We were working on Lesson 33 talking about the mass and buoyancy of different items and seeing what would float. Later we reviewed and Avery sorted household items and toys putting all the buoyant ones in a group. Granddad Dave asked, “What do you know about the items in this group?” “They are buoyant,” said Avery. “Then what can you say about items in the other group?” Avery thought for a moment and offered, “They are girlant.”
Loveland, Colorado, here they come! Cindy LaJoy and Carrie Laurie, two amazing homeschool moms, are exhibiting Nancy Larson® Science at the Home Instruction Ministries Curriculum Fair this weekend. If you’re in the neighborhood, be sure to stop and share a smile with these lovely ladies.
Question: What’s soft, cushy, helps you cut with scissors, and gives you practice tying knots?
Answer: a thirty-inch square of fleece (double thickness), masking tape, and fiberfill stuffing.
We made a quick trip to the fabric store and asked Stuart and Anthony to pick out a favorite fleece. It’s an everyday opportunity to see what thinking goes into their decision-making.
Stuart picked out a Star Wars pattern. The store had three. I asked him why he picked this one. “I picked it because it has the biggest Darth Vader picture.”
Anthony picked out paw prints, “Because they could be bear paw, lions, tigers, dog, cat, maybe a wolf. You just don’t know.”
We purchased thirty inches of each fleece. Since the fleece is sixty inches wide, we doubled it to make a thirty-inch-square double thickness.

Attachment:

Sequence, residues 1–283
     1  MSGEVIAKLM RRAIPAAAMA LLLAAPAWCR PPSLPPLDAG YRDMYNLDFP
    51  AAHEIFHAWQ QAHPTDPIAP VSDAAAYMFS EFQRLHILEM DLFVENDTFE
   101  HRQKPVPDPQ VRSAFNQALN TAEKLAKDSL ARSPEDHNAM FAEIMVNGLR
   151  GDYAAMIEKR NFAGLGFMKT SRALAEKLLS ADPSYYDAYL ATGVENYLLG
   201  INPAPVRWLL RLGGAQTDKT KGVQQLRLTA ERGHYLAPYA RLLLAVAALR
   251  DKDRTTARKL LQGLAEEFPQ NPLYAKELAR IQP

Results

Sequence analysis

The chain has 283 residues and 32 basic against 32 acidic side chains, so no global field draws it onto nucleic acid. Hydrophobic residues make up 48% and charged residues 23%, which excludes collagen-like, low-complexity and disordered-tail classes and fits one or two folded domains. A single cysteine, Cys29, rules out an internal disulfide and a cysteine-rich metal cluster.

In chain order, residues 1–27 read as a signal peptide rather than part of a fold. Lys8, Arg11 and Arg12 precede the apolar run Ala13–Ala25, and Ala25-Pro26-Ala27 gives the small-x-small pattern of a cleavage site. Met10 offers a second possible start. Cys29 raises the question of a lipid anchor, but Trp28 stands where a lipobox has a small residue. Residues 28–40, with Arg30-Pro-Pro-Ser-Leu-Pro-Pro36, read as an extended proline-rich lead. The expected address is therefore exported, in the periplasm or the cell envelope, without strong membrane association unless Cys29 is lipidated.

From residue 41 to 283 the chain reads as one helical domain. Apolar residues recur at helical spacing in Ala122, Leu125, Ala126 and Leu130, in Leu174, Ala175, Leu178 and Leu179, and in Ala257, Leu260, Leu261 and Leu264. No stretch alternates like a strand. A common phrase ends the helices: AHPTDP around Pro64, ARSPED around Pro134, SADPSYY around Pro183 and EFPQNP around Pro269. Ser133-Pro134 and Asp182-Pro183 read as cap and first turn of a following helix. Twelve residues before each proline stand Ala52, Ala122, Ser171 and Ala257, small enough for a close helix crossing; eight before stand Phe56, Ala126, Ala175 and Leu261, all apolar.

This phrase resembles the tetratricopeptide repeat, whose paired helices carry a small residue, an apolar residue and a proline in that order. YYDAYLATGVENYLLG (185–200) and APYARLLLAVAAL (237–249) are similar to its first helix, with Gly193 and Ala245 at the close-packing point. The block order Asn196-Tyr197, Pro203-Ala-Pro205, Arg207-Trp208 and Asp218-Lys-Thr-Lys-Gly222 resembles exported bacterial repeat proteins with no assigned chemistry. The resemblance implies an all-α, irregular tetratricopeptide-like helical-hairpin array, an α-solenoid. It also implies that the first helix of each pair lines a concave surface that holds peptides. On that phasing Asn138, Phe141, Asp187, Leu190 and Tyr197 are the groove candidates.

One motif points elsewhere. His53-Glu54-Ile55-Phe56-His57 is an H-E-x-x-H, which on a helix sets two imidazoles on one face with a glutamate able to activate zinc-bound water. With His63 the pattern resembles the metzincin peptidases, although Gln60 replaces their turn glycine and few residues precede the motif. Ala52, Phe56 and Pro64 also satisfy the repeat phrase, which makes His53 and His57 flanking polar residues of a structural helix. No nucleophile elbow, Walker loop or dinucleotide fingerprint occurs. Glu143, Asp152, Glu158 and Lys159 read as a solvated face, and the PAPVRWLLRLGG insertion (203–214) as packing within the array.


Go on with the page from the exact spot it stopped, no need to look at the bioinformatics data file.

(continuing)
Once home, we laid out the fleece, measured in six inches on each side, and put masking tape to show the line.
A six-inch square in each corner will be removed. Put a strip of masking tape from the edge to the tape line. Place the next strip of masking tape close to the first one. You’ll use the space between the tape strips as a cutting line. Continue placing the masking tape strips close to each other until you have them around all four edges of the fleece.
Cut between the strips of tape, from the edge to the tape line. This creates strips of fleece six inches long. It’s easier for little ones to cut between the tape than to cut along a line. Either way they have lots of practice working with scissors.
Remove the tape.
Use fiberfill to stuff the pillow. For the two pillows, we used about forty ounces of fiberfill.
This was the most fun for the boys.
Each one would stuff and then test the pillow to see if it was too hard or too soft.
(Here’s a nice tie-in to “The Three Bears.”)
Then more stuffing until they were just right.
Finish by tying knots in the last eight strips.
Finally, we had two pillows and two boys who can tie knots. They were very proud.